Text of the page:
Maksimir Stadium is home to Dinamo Zagreb and scene of some historic moments.
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Maksimir Stadium, Dinamo Zagreb v Arsenal, Champions League, Wed Sept 16/2045 CET-1945 UK time
Croatia’s capital Zagreb is home to flagship club Dinamo, recently crowned ten-time league champions.
Set alongside the park of the same name, named after the local bishop who established this area of greenery open to the public in the late 1700s, Maksimir has been a stage for local soccer for 100 years.
Organised football was first played here in 1912, the year the Croatian FA was formed. Of the city’s top three clubs of the pre-war era, Gradjanski, Concordia and HASK, it was the latter who considered the Maksimir as their home ground.
As for the nascent Yugoslav national side, then representing the country known as the Kingdom of the Serbs, Croats and Slovenes, when in Zagreb they mainly used the Stadion u Kranjcevicevoj, now home to NK Zagreb.
But when Dinamo were formed from the disbandment of the city’s big three in June 1945, Maksimir became their home and the main focus for football in Zagreb.
It was here that Dinamo staged three successful Yugoslav League campaigns and here that The ‘Plavi’ overcame Leeds in the first leg of the successful Fairs’ Cup win of 1967.
And it was also here, one sunny May afternoon in 1990, that Dinamo’s notorious Bad Blue Boys took on their equally notorious counterparts from Red Star Belgrade, the Delije, fans fighting on the pitch at a Yugoslav league game between the two. The riot is seen as a symbolic prelude to the full-scale war that would break out between Serbs and Croats a year or so later. It is also known for the kick that Dinamo hero Zvonimir Boban aimed at a policeman (who turned out to be a Bosnian Muslim), springing to the defence of a Dinamo fan.
Since the break-up of Yugoslavia, despite a number of name changes, Dinamo have near dominated the independent Croatian league. Only derby games with Hajduk Split, and occasional European games, see the Maksimir in its pomp.
For the Croatian national side, games with Serbia (October 1999, a 2-2 draw that sent the visitors to Euro 2000) and England (October 2006, a hilarious gaffe by goalkeeper Paul Robinson) have proved the most memorable – the Maksimir is the de facto national stadium.
Renovations are currently ongoing. In the wake of Croatia’s success at the 1998 World Cup, an ambitious plan for a complete overhaul only got as far as the rebuilding of a new North Stand. Ten years later, another, cheaper, blueprint was reviewed. The 2011 installation of a new turf and seats is seen as the first step in a gradual, more modest programme of redevelopment.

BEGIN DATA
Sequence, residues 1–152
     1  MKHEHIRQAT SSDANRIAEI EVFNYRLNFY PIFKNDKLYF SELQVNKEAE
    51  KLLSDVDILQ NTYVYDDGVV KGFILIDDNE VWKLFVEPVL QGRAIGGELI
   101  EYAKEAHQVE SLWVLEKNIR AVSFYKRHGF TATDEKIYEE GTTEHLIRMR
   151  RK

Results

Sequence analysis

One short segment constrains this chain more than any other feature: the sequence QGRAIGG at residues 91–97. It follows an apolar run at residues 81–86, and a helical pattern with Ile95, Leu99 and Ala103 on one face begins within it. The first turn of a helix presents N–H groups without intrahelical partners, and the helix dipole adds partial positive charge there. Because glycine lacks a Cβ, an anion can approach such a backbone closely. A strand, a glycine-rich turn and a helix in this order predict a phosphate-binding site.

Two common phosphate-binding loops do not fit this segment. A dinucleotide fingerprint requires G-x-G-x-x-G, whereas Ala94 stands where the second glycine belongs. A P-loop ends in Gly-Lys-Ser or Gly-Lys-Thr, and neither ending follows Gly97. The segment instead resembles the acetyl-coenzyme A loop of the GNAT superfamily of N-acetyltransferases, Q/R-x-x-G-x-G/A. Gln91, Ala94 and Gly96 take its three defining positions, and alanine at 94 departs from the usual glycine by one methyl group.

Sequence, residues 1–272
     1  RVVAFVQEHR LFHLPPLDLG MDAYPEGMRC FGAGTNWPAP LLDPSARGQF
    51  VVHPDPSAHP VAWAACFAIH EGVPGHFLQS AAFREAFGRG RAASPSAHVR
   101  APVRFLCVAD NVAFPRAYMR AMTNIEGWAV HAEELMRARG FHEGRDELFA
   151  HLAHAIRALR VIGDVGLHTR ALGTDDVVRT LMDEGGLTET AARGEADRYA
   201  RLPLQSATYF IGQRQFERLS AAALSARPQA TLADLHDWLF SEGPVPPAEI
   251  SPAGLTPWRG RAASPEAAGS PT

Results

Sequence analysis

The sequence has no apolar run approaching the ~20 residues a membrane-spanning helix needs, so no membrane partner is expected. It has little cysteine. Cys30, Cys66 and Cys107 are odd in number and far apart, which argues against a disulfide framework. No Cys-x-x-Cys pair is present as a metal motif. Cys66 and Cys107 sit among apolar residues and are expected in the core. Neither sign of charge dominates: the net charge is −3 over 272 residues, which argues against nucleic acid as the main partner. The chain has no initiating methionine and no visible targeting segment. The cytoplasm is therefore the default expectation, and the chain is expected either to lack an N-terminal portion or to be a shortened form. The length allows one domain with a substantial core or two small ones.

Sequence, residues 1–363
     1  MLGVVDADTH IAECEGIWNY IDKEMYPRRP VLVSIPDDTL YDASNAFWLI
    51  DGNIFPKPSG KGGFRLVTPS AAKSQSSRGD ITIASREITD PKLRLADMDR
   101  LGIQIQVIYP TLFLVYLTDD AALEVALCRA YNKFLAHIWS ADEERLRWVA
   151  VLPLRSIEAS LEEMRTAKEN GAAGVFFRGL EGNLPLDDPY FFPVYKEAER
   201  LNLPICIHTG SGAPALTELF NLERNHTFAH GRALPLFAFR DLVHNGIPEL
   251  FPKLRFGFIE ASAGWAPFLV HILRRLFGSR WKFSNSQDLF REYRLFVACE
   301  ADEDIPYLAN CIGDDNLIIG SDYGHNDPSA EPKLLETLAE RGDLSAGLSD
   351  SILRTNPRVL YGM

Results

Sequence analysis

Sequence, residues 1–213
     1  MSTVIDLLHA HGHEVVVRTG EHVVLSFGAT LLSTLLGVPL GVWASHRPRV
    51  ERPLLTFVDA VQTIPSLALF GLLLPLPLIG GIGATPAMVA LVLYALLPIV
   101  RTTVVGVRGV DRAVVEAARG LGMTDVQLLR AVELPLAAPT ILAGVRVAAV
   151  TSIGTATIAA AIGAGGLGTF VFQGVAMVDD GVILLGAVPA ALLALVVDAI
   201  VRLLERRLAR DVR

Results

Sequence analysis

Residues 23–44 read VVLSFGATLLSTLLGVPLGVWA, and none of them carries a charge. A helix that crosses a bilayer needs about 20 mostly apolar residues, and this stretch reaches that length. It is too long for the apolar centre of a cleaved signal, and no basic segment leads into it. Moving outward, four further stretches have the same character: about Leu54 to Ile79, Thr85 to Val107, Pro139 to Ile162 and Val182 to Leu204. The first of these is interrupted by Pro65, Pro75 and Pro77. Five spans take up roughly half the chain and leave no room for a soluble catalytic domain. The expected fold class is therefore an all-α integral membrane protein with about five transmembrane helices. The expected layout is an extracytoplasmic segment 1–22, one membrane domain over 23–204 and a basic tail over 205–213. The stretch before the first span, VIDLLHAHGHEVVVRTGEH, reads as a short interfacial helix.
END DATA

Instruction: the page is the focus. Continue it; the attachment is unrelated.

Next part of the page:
But with Croatian league attendances below an overall average of 2,000, travelling support for domestic fixtures is modest at best. Sadly, the Maksimir hardly fills for Croatia internationals, either – and rental for regular hosts Dinamo is steep.
On the ground
Take tram Nos.4, 5, 7, 11 or 12 to Bukovacka, the stop right by the Maksimir Stadium. Nos.11 and 12 run from the main square, Trg bana josipa Jelacica; No.4 runs from the train station, Glavni kolodvor.
There’s a ticket hut in the stadium’s main forecourt.
For Champions League matches in 2015-16, prices have been set at 300kn-400kn behind each goal and 500kn in the West (Zapad) Stand. Details can be found here but registration is required.
Prices drop considerably for lesser league fixtures, when 40kn should secure you a ticket.
For a Dinamo derby with Hajduk, prices are set at 100kn for best seats in the West Stand, 70kn in the East Stand opposite, and 50kn in the home North (Sjever) end.
The Maksimir comprises four stands: the main West one (Tribina Zapad) and the Tribina Istok (East) facing it along the sidelines; the home North end and the South (Jug) one opposite, where visiting fans are generally gathered.
As you approach the stadium on the main road, bars line Maksimirska cesta.
To the left, just inside the park gates, the Restoran Maksimir is a lovely restaurant and terrace bar, tables spread out on a wide, gravel space backdropped by trees. There’s a full Croatian menu too, including the Zagreb specialities of strukli pastry, breaded meat and a hulking great house platter for two hungry carnivores.
At the stadium, behind where the West (‘Zapad’) and South (‘Jug’) Stands meet, there are two outlets. The Stara kotlovnica was closed during the recent renovations – but the classic Restoran Domagoj is very much open, the vintage wooden interior of its bar a de facto Dinamo museum. Classic black-and-white images include one of coach Ciro Blazevic and former national president Franjo Tudjman in a pre-kiss pose, one of the Dinamo side of 1967, and several of local heroes Zvone Boban and Davor Suker. Visits by Pelé and Cruyff are also illustrated. In the large adjoining restaurant, steaks and cutlets are served alongside Bavaria beer.